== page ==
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New deadly e-coli strain may shape our future

June 6, 2011

Sometime in the next 20 years a super strain spreads across the planet and all populations are affected. The pandemic kills thousands in the USA but hundreds of millions in the third world. After 2 years the human population is vastly changed: a third of the third world population is wiped out and the planet now has 1 billion less people.

Is this a good thing from the planet’s point of view? Will this be less drain on scarce resources? We need to look at who was wiped out, and how that impacts the world. First of all, these are the poorest, least fortunate people on Earth. They were not treated with antibiotics for a known pandemic.

What did they do and what did they consume? They ate very little meat and had modest housing and did not drive personal cars. So their fate has not saved much in the way of resources. The first world and advanced developing worlds continue marching ahead and quickly consume any savings there. It is what these poor people did while they were alive that matters. They created textiles. They shovelled raw materials to make batteries, and many other material-rich products. And they did this all for very little money.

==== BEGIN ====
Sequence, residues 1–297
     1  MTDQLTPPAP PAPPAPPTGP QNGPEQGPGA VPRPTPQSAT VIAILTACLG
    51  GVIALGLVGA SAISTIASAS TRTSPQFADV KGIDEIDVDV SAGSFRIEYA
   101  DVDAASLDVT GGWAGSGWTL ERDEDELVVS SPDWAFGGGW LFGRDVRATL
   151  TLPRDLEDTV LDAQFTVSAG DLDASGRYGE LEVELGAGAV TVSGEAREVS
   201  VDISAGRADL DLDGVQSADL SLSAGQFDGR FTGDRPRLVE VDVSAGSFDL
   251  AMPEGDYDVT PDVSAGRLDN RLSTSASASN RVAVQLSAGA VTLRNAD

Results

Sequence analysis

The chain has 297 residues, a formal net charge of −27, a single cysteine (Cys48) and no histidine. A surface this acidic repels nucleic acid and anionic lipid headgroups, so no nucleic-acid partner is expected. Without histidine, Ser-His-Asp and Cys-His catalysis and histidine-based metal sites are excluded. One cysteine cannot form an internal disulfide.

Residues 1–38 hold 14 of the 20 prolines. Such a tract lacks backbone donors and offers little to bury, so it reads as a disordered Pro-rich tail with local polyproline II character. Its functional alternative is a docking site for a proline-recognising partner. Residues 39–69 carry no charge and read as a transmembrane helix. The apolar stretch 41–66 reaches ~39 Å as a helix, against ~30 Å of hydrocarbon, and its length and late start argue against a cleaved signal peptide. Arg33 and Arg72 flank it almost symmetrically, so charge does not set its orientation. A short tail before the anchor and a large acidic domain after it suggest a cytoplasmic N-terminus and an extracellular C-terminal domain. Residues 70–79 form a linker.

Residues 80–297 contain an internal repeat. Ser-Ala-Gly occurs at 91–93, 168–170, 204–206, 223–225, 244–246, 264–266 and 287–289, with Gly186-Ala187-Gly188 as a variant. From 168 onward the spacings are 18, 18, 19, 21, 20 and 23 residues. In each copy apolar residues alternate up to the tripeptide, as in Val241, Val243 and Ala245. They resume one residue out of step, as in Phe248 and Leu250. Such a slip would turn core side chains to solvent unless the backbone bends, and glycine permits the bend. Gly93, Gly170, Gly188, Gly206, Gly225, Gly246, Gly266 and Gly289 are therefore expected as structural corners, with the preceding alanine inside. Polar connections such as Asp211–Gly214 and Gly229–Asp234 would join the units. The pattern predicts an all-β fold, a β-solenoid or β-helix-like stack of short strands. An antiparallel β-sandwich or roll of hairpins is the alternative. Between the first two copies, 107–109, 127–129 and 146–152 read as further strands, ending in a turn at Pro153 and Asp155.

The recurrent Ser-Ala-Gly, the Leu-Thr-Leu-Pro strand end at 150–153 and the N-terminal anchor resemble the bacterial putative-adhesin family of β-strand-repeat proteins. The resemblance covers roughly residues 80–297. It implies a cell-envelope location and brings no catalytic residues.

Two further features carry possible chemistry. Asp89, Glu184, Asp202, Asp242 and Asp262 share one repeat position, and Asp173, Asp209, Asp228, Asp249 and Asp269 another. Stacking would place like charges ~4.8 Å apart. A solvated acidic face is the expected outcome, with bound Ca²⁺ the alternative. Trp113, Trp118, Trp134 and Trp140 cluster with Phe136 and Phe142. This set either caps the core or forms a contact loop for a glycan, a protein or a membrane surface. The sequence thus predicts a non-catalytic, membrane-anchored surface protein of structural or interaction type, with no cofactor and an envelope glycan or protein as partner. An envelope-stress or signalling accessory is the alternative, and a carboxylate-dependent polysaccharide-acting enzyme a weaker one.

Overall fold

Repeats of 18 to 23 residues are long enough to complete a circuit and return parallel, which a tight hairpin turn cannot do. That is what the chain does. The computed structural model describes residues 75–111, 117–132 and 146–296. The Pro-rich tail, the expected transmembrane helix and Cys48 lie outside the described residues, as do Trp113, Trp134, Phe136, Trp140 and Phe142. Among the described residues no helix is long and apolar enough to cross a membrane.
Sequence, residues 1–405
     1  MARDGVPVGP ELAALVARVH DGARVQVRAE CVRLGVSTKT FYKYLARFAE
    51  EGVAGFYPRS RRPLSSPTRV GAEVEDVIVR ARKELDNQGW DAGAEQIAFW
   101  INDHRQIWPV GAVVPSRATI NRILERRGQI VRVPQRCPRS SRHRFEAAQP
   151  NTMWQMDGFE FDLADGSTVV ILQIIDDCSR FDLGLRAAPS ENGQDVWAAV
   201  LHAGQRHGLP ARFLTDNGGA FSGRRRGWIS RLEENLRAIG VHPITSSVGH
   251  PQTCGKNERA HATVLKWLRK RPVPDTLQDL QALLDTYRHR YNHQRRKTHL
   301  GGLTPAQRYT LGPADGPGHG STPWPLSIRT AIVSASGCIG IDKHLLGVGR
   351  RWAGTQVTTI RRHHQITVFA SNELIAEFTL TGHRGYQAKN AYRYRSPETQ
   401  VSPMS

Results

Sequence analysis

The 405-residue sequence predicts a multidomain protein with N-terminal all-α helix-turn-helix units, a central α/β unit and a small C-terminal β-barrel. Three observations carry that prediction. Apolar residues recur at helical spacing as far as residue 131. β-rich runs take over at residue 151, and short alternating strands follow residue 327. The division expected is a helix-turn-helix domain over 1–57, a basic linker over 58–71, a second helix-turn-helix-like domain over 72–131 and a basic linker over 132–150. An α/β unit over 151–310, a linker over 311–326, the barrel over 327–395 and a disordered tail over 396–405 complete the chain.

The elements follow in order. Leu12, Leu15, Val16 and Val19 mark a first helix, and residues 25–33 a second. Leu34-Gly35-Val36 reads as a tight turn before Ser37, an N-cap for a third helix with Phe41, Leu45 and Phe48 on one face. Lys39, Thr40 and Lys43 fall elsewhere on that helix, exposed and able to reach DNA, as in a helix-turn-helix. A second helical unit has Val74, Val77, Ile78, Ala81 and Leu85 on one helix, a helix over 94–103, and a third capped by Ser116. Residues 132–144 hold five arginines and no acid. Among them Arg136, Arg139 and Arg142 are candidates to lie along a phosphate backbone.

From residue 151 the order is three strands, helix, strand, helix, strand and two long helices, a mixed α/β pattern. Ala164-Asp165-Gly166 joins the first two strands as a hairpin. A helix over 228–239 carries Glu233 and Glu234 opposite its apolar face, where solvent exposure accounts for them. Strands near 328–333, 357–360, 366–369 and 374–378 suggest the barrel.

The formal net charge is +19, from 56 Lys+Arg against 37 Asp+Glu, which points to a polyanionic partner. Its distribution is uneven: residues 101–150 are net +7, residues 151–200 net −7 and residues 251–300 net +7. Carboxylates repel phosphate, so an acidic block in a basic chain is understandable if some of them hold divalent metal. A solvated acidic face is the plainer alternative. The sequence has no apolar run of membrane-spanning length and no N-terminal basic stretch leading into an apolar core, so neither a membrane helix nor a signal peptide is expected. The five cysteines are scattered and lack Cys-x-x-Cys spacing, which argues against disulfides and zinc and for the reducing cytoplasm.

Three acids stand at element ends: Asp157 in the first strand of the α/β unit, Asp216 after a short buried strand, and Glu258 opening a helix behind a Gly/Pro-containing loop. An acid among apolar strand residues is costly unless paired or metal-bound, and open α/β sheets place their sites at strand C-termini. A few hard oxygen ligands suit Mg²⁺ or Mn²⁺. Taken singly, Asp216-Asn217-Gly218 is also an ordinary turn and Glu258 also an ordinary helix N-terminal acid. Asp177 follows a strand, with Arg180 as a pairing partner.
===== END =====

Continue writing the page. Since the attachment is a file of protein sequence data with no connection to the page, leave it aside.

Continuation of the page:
The price of everything starts rising and we suddenly realise these poor people actually did a lot for us first world peoples. They made our clothes. They gathered the phosphates for our farmers. They did it all for virtually nothing.

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